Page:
Kullberg, Agneta
    Linköping University, Department of Medical and Health Sciences, Division of Community Medicine. Linköping University, Faculty of Medicine and Health Sciences.
    Boendemiljö och grannskap2016In: Att leva med demens / [ed] Ingrid Hellström, Lars-Christer Hydén, Malmö: Gleerups Utbildning AB, 2016, 1, p. 87-95Chapter in book (Other academic)
  • 6.
    Odzakovic, Elzana
    et al.
    Linköping University, Department of Social and Welfare Studies, Division of Nursing Science. Linköping University, Faculty of Medicine and Health Sciences. Region Östergötland, Local Health Care Services in Central Östergötland, Department of Neurology in Linköping.
    Kullberg, Agneta
    Linköping University, Department of Medical and Health Sciences, Division of Community Medicine. Linköping University, Faculty of Medicine and Health Sciences.
    Hellström, Ingrid
    Linköping University, Department of Social and Welfare Studies, Division of Nursing Science. Linköping University, Faculty of Medicine and Health Sciences. Region Östergötland, Local Health Care Services in East Östergötland.
    Andrew, Clark
    School of Health and Society, University of Salford, Salford, UK.
    Sarah, Campbell
    Division of Nursing, Midwifery and Social Work, University of Manchester, Manchester, UK.
    Kainde, Manji
    Faculty of Social Science, University of Stirling, Stirling, UK.
    Kirstein, Rummery
    Faculty of Social Science, University of Stirling, Stirling, UK.
    John, Keady
    Division of Nursing, Midwifery and Social Work, University of Manchester, Manchester, UK.
    Richard, Ward
    Faculty of Social Science, University of Stirling, Stirling, UK.
    ‘It's our pleasure, we count cars here’: an exploration of the ‘neighbourhood-based connections’ for people living alone with dementia2019In: Ageing & Society, ISSN 0144-686X, E-ISSN 1469-1779, Vol. 9, p. 1-26Article in journal (Refereed)
    Abstract [en]

    The extent of social isolation experienced by people living with dementia who reside in the community has been well acknowledged, yet little is known about how people living alone with dementia maintain neighbourhood-based connections. The purpose of this study is to examine the experiences of people with dementia who live alone, focusing upon how they establish social networks and relationships in a neighbourhood context, and how they are supported to maintain this social context within everyday life. Multiple data collection methods were used including, semi-structured interviews, walking interviews, guided home tours and social network mapping, which were conducted with 14 community-dwelling people living alone with dementia (11 women and three men) situated across the three international study sites in England, Scotland and Sweden. Data were analysed using thematic analysis. The analysis revealed four main themes: (a) making the effort to stay connected; (b) befriending by organisations and facilitated friendships; (c) the quiet neighbourhood atmosphere; and (d) changing social connections. The analysis suggests that people with dementia who live alone were active agents who took control to find and maintain relationships and social networks in the neighbourhood. Our findings indicate the need to raise awareness about this specific group in both policy and practice, and to find creative ways to help people connect through everyday activities and by spontaneous encounters in the neighbourhood.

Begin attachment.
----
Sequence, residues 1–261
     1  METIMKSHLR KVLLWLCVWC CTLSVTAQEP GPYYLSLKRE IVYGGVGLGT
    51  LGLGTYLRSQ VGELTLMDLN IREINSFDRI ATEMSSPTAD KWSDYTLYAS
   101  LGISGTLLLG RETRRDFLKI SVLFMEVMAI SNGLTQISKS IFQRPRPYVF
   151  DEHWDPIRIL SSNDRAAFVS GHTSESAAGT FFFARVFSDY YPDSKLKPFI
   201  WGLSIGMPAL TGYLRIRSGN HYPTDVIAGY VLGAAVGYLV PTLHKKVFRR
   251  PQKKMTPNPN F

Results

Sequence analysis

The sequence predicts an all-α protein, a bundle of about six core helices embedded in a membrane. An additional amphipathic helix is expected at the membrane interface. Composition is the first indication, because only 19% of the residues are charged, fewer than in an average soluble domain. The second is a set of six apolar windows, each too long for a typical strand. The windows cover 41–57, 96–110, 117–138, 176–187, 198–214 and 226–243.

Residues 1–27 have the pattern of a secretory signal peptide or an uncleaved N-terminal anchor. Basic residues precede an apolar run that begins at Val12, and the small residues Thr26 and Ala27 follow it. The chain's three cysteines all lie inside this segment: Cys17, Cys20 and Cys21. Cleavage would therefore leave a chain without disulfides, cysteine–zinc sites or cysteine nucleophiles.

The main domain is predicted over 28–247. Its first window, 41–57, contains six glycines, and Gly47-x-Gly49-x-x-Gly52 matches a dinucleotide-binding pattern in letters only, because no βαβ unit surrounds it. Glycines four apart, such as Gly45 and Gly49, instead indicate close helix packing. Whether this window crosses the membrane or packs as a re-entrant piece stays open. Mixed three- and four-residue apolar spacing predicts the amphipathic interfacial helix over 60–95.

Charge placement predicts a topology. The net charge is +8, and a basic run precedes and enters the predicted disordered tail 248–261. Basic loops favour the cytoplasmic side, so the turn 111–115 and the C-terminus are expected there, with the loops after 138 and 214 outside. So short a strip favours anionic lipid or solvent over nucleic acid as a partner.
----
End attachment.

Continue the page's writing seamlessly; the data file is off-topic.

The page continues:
• 7.
    Odzakovic, Elzana
    et al.
    Linköping University, Department of Social and Welfare Studies, Division of Health, Activity and Care. Linköping University, Faculty of Medicine and Health Sciences.
    Nedlund, Ann-Charlotte
    Linköping University, Department of Medical and Health Sciences, Division of Health Care Analysis. Linköping University, Faculty of Health Sciences. Linköping University, Department of Social and Welfare Studies, NISAL - National Institute for the Study of Ageing and Later Life. Linköping University, Faculty of Arts and Sciences.
    Taghizadeh Larsson, Annika
    Linköping University, Department of Social and Welfare Studies, NISAL - National Institute for the Study of Ageing and Later Life. Linköping University, Faculty of Arts and Sciences.
    Citizenship and Social Inclusion for People with Dementia: A Register Study in a Swedish Context on the Distribution of Social - Care Services2015Conference paper (Refereed)
    Abstract [en]

    In Sweden, every citizen has equal right to social-care. The purpose of this session is to investigate how social support is distributed for people with dementia and to compare this distribution in an ethnicity perspective. A statistical analysis will be presented based on data in progress.

1 - 7 of 7